He is a human factors engineer in the Human Factors, Controls, and Statistics Department with 37 years of experience in various human factors engineering roles in heavy industry, defense, nuclear, and commercial organizations. His primary focus is on making work more effective, efficient, and satisfying through the design of human-centered tools, methods, and work environments. He has worked at Idaho National Laboratory since 2010. His current work includes researching and developing methods and procedures to integrate human factors principles in the systems engineering process for advanced and modernized nuclear power stations with an emphasis on human-system interfaces and control room design and information visualization. He has a master’s degree in human computer interaction from the University of South Africa and associate degrees in human computer interaction and industrial engineering.
He is a staff research scientist working in the Nuclear System Design and Analysis Division at Idaho National Laboratory (INL). He has expertise in heat transfer, fluid mechanics, thermal design, thermodynamics and nuclear safety analyses. Over the last few years, he has been researching high temperature heat exchanger design and optimization, system integration and power conversion systems, and safety and reliability for Advanced Reactor Concepts, and also has extensive experience in the design and construction of large-scale experimental systems for nuclear and thermal-hydraulic research. He has more than 12 years of research and development experience in nuclear/thermal engineering and has been involved in several academic, industrial, and cross-discipline national laboratory research projects. He is currently working to develop a new multi-loop, multi-fluid advanced test facility designed to examine thermal hydraulic and materials issues associated with advanced nuclear reactor technologies. He has authored two books; contributed chapters to technical books on advanced reactors, thermal systems and process heat transfer; published over 100 peer-reviewed publications; and served as the INL lead for numerous partnerships. He holds an adjunct faculty appointment in the Department of Mechanical, Aerospace, and Nuclear Engineering at Rensselaer Polytechnic Institute. He obtained his bachelor’s in mechanical engineering with concentration in robotics and controls from Wilkes University in Pennsylvania, a master’s degree in nuclear engineering with a minor in mechanical engineering from Oregon State University, a master’s degree in engineering management from University of Idaho, and doctorate in nuclear engineering from University of Idaho.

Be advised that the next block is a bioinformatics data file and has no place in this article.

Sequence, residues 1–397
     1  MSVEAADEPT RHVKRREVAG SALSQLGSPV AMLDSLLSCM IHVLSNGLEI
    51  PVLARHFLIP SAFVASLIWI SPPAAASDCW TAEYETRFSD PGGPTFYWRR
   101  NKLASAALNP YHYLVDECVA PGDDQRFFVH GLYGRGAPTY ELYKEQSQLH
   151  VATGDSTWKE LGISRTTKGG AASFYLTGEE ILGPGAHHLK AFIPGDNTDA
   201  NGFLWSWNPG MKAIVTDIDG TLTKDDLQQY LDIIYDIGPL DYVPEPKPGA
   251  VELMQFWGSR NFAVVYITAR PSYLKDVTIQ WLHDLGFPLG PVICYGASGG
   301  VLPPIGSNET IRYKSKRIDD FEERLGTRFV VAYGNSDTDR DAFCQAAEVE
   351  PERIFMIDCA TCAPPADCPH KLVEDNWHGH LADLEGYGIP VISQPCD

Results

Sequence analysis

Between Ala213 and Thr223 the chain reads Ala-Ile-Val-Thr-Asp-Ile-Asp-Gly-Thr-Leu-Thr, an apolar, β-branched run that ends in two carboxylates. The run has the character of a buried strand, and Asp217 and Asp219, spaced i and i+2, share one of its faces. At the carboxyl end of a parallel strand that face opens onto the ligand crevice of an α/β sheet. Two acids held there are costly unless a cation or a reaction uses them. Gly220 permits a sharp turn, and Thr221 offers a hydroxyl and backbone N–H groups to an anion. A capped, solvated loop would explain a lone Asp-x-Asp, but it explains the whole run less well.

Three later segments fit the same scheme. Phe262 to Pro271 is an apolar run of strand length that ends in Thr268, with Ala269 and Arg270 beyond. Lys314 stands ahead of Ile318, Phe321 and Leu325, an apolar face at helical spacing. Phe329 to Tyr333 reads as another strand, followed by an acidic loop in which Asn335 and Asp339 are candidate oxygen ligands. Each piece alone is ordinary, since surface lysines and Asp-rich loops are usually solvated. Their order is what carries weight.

With 23 years of experience in engineering design, safety, and analysis of nuclear and energy systems, he has served as a principal member of the technical staff at Sandia National Laboratories since 1995, as well as a research associate professor at the University of New Mexico since 2012. His key areas of expertise include computational fluid dynamics, turbulence, dimpling, swirl, advanced manufacturing, and heat transfer. He is experienced with gas, water, molten salt, and heavy-water cooled reactors, including large, small, and miniature reactors. His primary technical achievements include right-sized dimpling, the LIKE algorithm, design of advanced fire sprinklers, isotropic turbulence decay model, development of five new vortices, a vortex unification theory, dynamic swirl modeling, and central recirculation zone modulation. He earned a doctorate in nuclear engineering from the University of New Mexico, as well as a doctorate in philosophy and apologetics from Trinity Seminary and College. He earned two master’s degrees in applied mathematics from the University of New Mexico and mechanical engineering from the University of Idaho, and a bachelor’s in nuclear engineering from the University of California - Santa Barbara. He is currently writing an engineering book for the Springer Publishing Company entitled, “Applied Computational Fluid Dynamics and Turbulence Modeling.”
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